Third-Party Experts

San Luis Obispo County Health Agency’s Emergency Preparedness Program Manager Michelle Shoresman

San Luis Obispo County Health Agency’s Emergency Preparedness Program Manager Michelle Shoresman

In their daily routines, a firefighter and a nurse are unlikely to sit side by side and develop an emergency response plan. Yet this collaboration is essential to emergency preparedness and is an example of the unlikely synergies that keep Michelle Shoresman motivated in her role as emergency preparedness program manager at the San Luis Obispo County Health Agency on California’s Central Coast. Shoresman works with a wide array of partners to synchronize emergency response plans and ensure that the health of those in her community is protected at all times. One of the primary partners in safety is the local nuclear energy facility, PG&E’s Diablo Canyon.
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Elected Officials

Former Gov. Mitt Romney (R-Mass.) and Presidential Candidate
“We’re going to take full advantage of our oil, our coal, our natural gas, our nuclear, our renewables…  I know you’re particularly aware of nuclear as well and recognize America must have a reliable source of domestically produced uranium, enriched uranium. We need to make sure that Piketon has the most modern technology so that we can provide that source of security for our great country.”

“Romney highlights energy in southern Ohio”
October 13, 2012

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Many opinion leaders have voiced their support for nuclear energy over the past year. Below is a sampling of their statements.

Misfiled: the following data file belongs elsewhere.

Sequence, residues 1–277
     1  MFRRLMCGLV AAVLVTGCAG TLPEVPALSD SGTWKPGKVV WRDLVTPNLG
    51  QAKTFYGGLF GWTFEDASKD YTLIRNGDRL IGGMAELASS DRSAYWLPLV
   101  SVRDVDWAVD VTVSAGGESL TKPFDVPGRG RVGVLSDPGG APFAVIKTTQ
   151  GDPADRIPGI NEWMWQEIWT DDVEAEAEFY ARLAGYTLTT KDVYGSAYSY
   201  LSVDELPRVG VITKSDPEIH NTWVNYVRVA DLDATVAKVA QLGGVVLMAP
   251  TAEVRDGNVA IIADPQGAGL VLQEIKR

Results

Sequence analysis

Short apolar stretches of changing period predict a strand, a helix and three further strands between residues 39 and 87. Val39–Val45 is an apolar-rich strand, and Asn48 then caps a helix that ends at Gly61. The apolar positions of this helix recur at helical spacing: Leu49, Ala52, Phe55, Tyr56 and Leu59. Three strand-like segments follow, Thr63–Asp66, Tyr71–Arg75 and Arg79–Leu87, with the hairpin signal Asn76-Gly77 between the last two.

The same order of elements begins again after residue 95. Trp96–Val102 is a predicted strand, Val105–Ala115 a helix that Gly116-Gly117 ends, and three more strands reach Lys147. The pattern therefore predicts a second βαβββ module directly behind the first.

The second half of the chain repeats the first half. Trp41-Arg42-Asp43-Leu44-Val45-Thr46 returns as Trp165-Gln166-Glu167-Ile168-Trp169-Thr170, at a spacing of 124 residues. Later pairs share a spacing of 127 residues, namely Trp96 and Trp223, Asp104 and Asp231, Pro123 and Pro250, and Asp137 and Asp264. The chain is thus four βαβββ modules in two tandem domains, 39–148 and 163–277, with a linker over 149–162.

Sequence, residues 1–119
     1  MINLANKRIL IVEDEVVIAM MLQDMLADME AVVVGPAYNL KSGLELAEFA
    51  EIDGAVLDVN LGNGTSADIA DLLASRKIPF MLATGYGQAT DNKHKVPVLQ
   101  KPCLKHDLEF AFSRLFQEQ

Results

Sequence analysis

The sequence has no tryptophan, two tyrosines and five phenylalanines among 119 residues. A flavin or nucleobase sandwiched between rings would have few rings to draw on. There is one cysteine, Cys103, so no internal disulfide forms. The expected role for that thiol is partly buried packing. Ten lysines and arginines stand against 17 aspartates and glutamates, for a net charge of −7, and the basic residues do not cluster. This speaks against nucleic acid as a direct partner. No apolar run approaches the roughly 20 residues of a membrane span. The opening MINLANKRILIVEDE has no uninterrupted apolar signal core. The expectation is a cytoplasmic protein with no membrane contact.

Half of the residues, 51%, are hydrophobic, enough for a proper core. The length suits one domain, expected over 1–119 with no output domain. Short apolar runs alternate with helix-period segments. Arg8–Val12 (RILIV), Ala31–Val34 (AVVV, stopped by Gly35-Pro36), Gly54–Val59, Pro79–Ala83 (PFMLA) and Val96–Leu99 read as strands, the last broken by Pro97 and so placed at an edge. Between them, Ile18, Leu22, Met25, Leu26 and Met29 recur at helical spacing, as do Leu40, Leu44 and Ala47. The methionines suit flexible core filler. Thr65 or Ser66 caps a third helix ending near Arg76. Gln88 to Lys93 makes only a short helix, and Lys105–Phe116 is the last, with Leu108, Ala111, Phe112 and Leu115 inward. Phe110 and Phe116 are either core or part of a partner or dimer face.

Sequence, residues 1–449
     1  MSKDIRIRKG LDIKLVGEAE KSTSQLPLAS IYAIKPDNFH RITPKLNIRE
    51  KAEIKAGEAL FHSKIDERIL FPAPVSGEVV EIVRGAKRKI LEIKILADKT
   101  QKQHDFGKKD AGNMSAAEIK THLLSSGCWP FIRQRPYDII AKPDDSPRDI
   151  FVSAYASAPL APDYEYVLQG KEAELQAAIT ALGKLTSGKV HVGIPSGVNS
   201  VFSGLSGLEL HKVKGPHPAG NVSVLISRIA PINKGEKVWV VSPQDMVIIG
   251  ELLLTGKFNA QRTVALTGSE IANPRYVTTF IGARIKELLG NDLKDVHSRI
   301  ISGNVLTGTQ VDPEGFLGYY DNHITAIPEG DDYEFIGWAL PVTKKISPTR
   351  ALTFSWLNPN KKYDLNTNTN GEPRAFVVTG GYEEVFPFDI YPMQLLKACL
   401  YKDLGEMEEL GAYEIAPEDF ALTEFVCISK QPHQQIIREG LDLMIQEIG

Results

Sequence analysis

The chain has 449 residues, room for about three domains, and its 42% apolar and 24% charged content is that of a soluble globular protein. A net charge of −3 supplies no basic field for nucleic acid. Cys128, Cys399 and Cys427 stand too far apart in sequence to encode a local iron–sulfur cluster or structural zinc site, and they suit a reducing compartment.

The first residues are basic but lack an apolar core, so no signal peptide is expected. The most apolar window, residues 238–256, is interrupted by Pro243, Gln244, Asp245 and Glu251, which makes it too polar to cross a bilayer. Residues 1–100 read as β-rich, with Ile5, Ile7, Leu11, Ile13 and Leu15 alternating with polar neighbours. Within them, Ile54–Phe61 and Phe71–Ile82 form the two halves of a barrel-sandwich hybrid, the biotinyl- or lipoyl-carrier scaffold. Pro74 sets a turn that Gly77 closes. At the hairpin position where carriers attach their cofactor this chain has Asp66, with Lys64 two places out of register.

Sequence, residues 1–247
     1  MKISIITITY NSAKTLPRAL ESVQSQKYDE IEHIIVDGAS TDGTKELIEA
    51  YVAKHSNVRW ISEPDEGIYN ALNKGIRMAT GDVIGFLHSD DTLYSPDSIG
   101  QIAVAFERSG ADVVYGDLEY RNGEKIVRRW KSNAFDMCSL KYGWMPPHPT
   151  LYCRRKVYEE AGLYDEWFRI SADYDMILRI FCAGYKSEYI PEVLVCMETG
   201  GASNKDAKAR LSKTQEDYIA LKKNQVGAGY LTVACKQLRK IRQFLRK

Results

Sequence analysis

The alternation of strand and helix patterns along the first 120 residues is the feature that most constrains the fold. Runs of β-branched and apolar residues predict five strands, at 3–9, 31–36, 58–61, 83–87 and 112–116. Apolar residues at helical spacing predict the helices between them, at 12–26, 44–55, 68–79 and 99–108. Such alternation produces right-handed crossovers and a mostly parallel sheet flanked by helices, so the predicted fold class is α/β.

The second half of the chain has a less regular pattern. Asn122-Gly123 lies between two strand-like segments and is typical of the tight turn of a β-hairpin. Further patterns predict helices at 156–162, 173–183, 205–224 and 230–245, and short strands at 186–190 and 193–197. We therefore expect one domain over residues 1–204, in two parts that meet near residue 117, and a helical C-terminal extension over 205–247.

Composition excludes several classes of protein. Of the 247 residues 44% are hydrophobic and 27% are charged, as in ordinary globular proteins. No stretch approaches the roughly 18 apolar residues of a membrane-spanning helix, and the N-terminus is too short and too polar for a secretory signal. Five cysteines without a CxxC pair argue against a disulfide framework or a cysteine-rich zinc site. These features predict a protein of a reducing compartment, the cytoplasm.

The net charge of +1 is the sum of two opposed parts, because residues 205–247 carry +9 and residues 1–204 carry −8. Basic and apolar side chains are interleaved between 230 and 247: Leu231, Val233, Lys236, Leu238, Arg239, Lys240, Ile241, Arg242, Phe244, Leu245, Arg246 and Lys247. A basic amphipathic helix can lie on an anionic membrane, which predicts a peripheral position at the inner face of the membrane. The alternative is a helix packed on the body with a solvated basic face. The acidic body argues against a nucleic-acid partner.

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Elected Officials
Sen. Tom Udall (D-N.M.)

“Enacting a CES [Clean Energy Standard] will create the jobs this country needs and reduce pollution by advancing down a path of renewables, natural gas generation, nuclear technology and carbon capture. It reflects the principles of the do it all, do it right, energy policy I’ve been advocating for.”
http://bingaman.senate.gov/news/20120301-02.cfm
March 1, 2012
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Dr. Robert J. Emery

Dr. Robert J. Emery

A new study released on December 19 by Joseph Mangano, executive director of the Radiation and Public Health Project, claims that 14,000 U.S. deaths can be tied to radiation from the Fukushima Daiichi nuclear power accident. Dr. Robert Emery, vice president for safety, health, environment and risk management at the University of Texas Health Science Center at Houston, disputes the claims in the study:

“We aggressively monitored for the presence of environmental radioactivity in Houston following the Fukushima event and worked closely with local public health authorities in the event we detected any threat to public health. We never detected any elevated radiation levels. I don’t see any evidence to support the assertions made by this report that the additional 484 deaths in Houston in 2011 could in any way be related to radioactivity from Fukushima – we never detected any.

“Moreover the study bases its conclusion on the comparison of data from deaths in the U.S. in 2010 and 2011. Using this method you really can’t determine the specific cause of any increase in deaths over the two years. Perhaps the most important question is: what did the 148,395 U.S. citizens die of in 2010, the year before the Japanese earthquake? Most likely the overwhelming causes were heart disease, cancer, and stroke. I believe this is likely the case in 2011 as well. I also believe our finite public health resources are better spent on the issues we know are causing people to die rather than being diverted to explore hypothetical projections.”
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Activity ID: 1002943 Activity Name: NEI Remarketing Safety Activity Group Name: Remarketing Safety First